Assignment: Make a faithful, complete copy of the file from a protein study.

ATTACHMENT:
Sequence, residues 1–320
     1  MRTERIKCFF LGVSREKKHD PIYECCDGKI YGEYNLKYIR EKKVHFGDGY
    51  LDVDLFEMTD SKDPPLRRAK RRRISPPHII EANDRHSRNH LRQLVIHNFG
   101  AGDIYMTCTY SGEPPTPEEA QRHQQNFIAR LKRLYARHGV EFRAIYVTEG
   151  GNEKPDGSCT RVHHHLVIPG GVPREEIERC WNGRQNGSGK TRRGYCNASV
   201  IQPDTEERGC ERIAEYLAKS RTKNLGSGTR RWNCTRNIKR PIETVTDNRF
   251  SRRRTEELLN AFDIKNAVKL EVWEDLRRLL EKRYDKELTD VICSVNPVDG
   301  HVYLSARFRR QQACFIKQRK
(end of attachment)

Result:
Sequence, residues 1–320
     1  MRTERIKCFF LGVSREKKHD PIYECCDGKI YGEYNLKYIR EKKVHFGDGY
    51  LDVDLFEMTD SKDPPLRRAK RRRISPPHII EANDRHSRNH LRQLVIHNFG
   101  AGDIYMTCTY SGEPPTPEEA QRHQQNFIAR LKRLYARHGV EFRAIYVTEG
   151  GNEKPDGSCT RVHHHLVIPG GVPREEIERC WNGRQNGSGK TRRGYCNASV
   201  IQPDTEERGC ERIAEYLAKS RTKNLGSGTR RWNCTRNIKR PIETVTDNRF
   251  SRRRTEELLN AFDIKNAVKL EVWEDLRRLL EKRYDKELTD VICSVNPVDG
   301  HVYLSARFRR QQACFIKQRK